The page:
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Slow start dooms BYU in 74-70 loss to Boise State

BYU’s Hunter Erickson defends Boise State’s Emmanuel Akot at the Marriott Center in Provo, Utah on Dec. 9, 2020.
Courtesy BYU Photo

For most of the first half Wednesday night against the Boise State Broncos, BYU’s offense looked like one of those ugly Christmas sweaters. The Cougars fell behind 14-0 and didn’t score for the first 8 ½ minutes of the game.

“They came out with fire and passion and we could not respond,” BYU coach Mark Pope said of the Broncos. “It was super frustrating for us. We were really stagnant. We had no pace, no flow.”

In the second half, BYU battled back, looking for a Christmas miracle at the Marriott Center.

The Cougars nearly got one — tying the game a couple of times, including at 70-70 with 36 seconds remaining on a drive by Alex Barcello — but a 3-pointer at the top of the key with 13 seconds remaining by Barcello’s former Arizona teammate and Wasatch Academy product Emmanuel Akot lifted Boise State to a 74-70 victory.

Barcello had a chance to tie the game with a 3-pointer with three seconds left, but it missed the mark.

“Alex had an open look,” Pope said. “We’ll take that every time.”

“My teammates all trusted me … Not every shot falls,” Barcello said. “Sadly, it didn’t fall and we lost the game. But we’re going to bounce back. I’m probably not going to sleep tonight.”

The Cougars (5-2) never led in a game in which a 10-point deficit seemed like a 20-point hole.

Barcello finished with a team-high 22 points and Matt Haarms added a season-high 18. Guard Spencer Johnson and forward Richard Harward came off the bench to score 10 and eight points, respectively, and helped fuel BYU’s rally.

But Boise State (3-1) managed to hold off the Cougars. The Broncos were led by Rayj Dennis (19 points), Abu Kigab (14), Akot (13) and Derrick Alston (12). Kigab had 12 of his points in the second half.

“We just weren’t together defensively in the second half,” Pope said.

On Tuesday, Pope called last year’s performance against Boise State “an offensive debacle” in overtime setback to the Broncos. That would also describe what was on display in the first half at the Marriott Center as the Cougars simply fell into too big of a hole.

Not only was it somewhat reminiscent of what happened to BYU last year against Boise State, but it was somewhat reminiscent of what happened in last week’s 26-point loss to USC as the Cougars struggled with the Broncos’ athleticism.

“Their length bothered us,” Pope said.

As poorly as the Cougars played in the first half, they clawed their way back into the game with a better second-half performance. BYU shot 61% from the field and hit 6 of 11 from 3-point range.

“A huge step forward for us was, we had the same frustration against USC,” Pope said. “The difference was in this game, we came out in the second half and stayed dialed in, locked in emotionally to the game, if not executing sufficiently.”

In the first half, Boise State bottled up Barcello, BYU’s leading scorer. Every time the senior guard touched the ball, the Broncos swarmed all over him.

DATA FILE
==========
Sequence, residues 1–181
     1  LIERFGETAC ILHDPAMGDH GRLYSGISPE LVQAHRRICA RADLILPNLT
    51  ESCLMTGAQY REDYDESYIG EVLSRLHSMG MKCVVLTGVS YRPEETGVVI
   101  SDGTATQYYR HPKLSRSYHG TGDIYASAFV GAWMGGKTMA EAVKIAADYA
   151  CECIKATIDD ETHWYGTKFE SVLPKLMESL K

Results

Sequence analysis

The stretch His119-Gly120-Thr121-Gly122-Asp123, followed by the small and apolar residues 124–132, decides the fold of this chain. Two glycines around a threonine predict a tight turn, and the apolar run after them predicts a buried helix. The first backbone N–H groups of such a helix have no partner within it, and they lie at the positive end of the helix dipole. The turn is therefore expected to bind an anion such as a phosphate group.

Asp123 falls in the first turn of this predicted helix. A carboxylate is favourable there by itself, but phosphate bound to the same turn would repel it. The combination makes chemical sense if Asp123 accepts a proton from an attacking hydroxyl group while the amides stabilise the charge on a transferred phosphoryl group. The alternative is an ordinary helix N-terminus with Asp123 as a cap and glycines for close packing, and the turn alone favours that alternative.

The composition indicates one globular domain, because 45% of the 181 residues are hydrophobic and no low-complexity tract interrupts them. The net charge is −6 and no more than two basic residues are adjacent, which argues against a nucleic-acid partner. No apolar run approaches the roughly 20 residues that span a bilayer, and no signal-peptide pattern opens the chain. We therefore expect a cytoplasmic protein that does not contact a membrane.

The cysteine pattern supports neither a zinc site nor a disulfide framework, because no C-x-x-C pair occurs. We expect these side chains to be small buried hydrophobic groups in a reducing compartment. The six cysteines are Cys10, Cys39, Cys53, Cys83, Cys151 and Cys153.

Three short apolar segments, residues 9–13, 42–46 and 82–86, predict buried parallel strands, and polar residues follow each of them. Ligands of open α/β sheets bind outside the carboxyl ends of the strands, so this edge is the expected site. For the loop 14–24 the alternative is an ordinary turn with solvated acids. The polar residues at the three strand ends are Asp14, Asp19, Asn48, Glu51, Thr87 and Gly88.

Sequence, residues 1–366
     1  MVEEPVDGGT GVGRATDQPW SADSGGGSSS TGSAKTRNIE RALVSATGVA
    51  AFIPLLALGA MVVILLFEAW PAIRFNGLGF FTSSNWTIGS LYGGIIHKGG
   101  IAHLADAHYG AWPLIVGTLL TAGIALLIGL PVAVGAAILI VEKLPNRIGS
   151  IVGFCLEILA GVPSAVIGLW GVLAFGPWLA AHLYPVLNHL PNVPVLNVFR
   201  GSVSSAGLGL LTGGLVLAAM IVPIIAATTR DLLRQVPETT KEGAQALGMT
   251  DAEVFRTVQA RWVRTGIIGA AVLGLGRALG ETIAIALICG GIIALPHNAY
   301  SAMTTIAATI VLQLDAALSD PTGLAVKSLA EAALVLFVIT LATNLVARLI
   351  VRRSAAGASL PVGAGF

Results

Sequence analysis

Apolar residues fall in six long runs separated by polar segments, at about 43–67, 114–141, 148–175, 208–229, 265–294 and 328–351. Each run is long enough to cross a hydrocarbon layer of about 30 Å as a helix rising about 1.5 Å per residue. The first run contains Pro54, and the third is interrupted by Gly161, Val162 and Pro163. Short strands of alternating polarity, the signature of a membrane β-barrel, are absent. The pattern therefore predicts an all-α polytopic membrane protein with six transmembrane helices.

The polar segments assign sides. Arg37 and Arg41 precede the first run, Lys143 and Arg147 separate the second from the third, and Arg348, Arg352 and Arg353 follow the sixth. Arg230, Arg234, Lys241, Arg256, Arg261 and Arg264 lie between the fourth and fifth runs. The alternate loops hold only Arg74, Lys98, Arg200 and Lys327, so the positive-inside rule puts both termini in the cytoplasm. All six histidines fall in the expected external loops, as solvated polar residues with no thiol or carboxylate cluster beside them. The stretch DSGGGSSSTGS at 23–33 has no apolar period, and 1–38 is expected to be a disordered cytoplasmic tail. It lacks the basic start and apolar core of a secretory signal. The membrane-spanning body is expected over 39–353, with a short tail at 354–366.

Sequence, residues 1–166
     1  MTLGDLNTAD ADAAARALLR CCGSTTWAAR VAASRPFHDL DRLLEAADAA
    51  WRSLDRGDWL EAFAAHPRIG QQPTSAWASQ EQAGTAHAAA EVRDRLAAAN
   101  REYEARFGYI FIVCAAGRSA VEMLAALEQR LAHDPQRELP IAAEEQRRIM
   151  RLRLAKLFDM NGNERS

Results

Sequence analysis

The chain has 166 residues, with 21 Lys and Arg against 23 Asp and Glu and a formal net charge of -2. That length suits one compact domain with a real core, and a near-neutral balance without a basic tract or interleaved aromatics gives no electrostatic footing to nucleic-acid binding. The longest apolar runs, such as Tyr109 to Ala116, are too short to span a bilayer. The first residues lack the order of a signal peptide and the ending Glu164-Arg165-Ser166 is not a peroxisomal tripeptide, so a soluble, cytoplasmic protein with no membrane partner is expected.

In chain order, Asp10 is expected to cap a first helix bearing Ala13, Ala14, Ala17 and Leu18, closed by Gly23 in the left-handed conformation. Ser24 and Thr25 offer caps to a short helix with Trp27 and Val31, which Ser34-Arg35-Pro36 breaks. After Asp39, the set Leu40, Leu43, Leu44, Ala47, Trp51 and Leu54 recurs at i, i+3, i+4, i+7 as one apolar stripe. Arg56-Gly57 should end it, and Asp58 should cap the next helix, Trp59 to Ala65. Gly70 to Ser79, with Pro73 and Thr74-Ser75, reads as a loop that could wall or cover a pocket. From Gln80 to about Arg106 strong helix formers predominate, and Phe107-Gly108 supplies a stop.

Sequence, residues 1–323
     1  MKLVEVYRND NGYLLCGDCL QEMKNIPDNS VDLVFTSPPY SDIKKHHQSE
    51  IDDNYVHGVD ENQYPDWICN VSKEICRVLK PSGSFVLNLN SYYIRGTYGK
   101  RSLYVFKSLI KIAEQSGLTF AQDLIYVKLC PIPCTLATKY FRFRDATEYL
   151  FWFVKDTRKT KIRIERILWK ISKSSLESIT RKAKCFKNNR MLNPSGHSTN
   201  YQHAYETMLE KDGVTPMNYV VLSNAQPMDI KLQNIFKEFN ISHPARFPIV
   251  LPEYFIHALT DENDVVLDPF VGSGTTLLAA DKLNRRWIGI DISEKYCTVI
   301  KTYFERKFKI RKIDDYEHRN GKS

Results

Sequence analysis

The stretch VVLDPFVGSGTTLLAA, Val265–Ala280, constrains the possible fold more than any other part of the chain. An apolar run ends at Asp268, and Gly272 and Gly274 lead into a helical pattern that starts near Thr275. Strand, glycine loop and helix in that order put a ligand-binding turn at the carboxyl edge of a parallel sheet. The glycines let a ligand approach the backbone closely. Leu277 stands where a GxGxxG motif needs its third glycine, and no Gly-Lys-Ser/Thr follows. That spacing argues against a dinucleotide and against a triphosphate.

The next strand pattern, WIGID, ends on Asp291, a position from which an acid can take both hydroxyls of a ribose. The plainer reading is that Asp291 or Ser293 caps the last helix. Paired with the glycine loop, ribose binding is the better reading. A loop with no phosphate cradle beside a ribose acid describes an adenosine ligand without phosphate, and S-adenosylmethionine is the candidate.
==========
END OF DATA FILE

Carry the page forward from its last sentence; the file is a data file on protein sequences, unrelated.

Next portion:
“They were keying on Alex, which they should. That’s what every team is going to do,” Pope said. “The more anxious we got, the more stuck on one side we got, we broke every principle that we work for ... It’s a little bit of a domino effect. It’s a real immature approach to the game. I’ve done a poor job offensively of gaining our guys’ faith in how we approach this game. We’ll fix it.”

Barcello took only one shot in the first half. That came on a 3-pointer that he buried with nine seconds left in the period. He had scored his first points of the night on a pair of free throws with 44.8 seconds remaining in the first half.

The first half was an eyesore performance for BYU, particularly the first 12 minutes. The Cougars had six turnovers over the first eight minutes and missed their first eight shots from the floor as Boise State seized a 14-0 lead.

BYU was held scoreless until the 11:21 mark of the first half on a layup by Haarms to cut the deficit to 14-2.

Later, the Cougars started to find some life with an 8-2 run to make it 21-13 for BSU. BYU finished the half on an 8-4 run and the Cougars went into the locker room at intermission trailing 30-21.

“That slow start could largely be attributed to us not listening to coach,” Haarms said. “Coach preaches an offense that has worked every time we do what he says and we play the way we know how to play … It’s always going to be about ball movement. That is the key for this team.”

At the half, BYU had made just 7 of 21 shots from the field and 1 of 10 from 3-point range. The Cougars had 11 turnovers, with the Broncos scoring 10 points off of them.

Boise State didn’t shoot much better in the first half — 38%. The Broncos led by as many as 14 (30-16) during the first 20 minutes of the game.

BYU struggled again from the free throw line, making just 11 of 18, leaving valuable scoring opportunities at the charity stripe.

BYU hosts Utah on Saturday (4 p.m. MST, BYUtv).